Diabetes Health Type 2: The Hypoglycemia That Isn’t There

In the past few years, endocrinologists have recommended easing up on tightly controlled type 2 patients, especially among older people. Much of that advice is an outcome of the ACCORD study from the early 2000s which showed—to the chagrin of almost everybody who either treats or has diabetes—that too tight control over blood glucose levels increased the chance of cardiovascular problems.*

For many of us in that older group, the advice we were being offered told us that chasing after a 7% A1c was no longer expected or demanded of us. While the ideal A1c remained at 7%, a more realistic 8% (183 mg/dL) was established as an OK/good enough target to try to hit.

While I think 8% is a bit too high, I understand that it’s a realistic goal for older type 2s. Besides the conclusions of the ACCORD study, another thing that convinced me to accept that number is a phenomenon I didn’t know existed until I had become more conversant about diabetes. That phenomenon, fairly common, is when type 2s think they are experiencing hypoglycemia, and that their numbers have crashed down into the 60s or 50s, although their real numbers are in the 110 to 120, or even higher range.

How is that possible? How can we experience sweating, shaking, rapid heartbeat, irritability, and more when our blood glucose numbers are at a level where most endocrinologists would take one look at it and declare “Pre-diabetes!” or “Diabetes!”

There’s no real explanation for how false hypoglycemia comes about, even though it’s not a rare event in the lives of many type 2s. One theory, certainly as yet not tested in depth, is that the type 2 metabolism becomes so used to blood glucose markers hovering in the 140s to 180s that the body can fool itself when blood glucose levels drop down to the low 100s.

Another cause is a sudden and drastic drop in blood glucose levels, typically brought on by intense effort or exercise.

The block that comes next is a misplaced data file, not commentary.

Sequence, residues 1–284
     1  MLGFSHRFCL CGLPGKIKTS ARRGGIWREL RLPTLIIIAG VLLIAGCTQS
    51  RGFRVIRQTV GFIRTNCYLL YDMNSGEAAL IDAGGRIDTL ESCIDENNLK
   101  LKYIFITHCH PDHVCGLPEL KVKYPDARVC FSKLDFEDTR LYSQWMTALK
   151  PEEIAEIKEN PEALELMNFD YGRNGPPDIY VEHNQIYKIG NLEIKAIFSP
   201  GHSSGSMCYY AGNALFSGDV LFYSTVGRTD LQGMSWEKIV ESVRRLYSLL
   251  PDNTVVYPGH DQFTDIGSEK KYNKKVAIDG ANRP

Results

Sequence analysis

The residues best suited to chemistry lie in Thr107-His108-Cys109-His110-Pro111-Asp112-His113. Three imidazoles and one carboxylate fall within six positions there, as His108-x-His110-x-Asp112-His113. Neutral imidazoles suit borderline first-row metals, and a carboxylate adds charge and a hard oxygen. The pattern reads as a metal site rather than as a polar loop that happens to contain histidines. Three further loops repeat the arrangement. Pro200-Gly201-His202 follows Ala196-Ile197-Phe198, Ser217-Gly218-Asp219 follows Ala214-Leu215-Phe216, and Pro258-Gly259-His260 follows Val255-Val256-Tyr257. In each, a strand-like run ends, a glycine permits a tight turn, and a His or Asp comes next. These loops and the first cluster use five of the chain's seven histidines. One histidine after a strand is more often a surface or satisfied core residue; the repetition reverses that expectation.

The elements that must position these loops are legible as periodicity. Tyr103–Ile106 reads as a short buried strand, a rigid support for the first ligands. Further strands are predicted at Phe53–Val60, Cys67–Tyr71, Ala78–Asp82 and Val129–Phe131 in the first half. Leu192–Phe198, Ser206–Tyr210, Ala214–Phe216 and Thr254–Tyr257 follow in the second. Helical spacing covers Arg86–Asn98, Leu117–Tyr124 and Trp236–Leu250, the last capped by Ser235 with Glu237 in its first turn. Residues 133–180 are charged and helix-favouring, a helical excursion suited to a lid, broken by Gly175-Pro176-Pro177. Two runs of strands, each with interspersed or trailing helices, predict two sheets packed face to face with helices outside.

Dealing immediately with false hypoglycemia involves a drill almost all of us have gone through many times: Take a meter reading to confirm our blood glucose levels. If the meter shows actual hypoglycemia (<70 mg/dL), do the usual: Consume 15 grams of pure carbohydrates, such as sweet glucose tablets, wait 15 minutes and retest. Pause and repeat until our numbers are back into the 80s or 90s.

A meter reading that shows a number way above what we know is certifiable hypoglycemia tells us to retest. If the meter keeps insisting that we don’t have hypoglycemia, we should believe it; we really don’t.
So our next two steps are 1.) be grateful that we’re not having a hypoglycemic episode, and 2.) start tracking our numbers more diligently. Just as we did when we were first diagnosed with type 2, we should be looking for patterns throughout the day that we can definitely associate with certain foods or levels of physical activity.

This means tracking what we eat and when, and testing at intervals throughout the day to see the results. Yes, it can be inconvenient to do so many tests, but the end result, which is a greater knowledge of how our individual type 2 acts, justifies it.

Careful management of our numbers eventually brings our metabolisms back into line and less likely to run screaming through the town square shouting, “Hypoglycemia! We’re having hypoglycemia!”

*ACCORD: For almost four years the Action to Control Cardiovascular Risk in Diabetes study treated 10,251 type 2 patients who had longstanding diabetes with either intensive glycemic control or standard glycemic control. The goal was to show if intensive control lessened the risk of cardiovascular events by lowering the amount of inflammatory glucose in the circulatory system.

By 2008, it became apparent to researchers that patients who were receiving intensive control measures (attempting A1c’s of <6%) versus standard control (A1c’s from 7% to 7.9%) were experiencing a higher incidence of heart and circulatory system problems than the standard control group. Results from ACCORD eventually led to less strict A1c targets for older type 2s.

Leave a Reply

Your email address will not be published.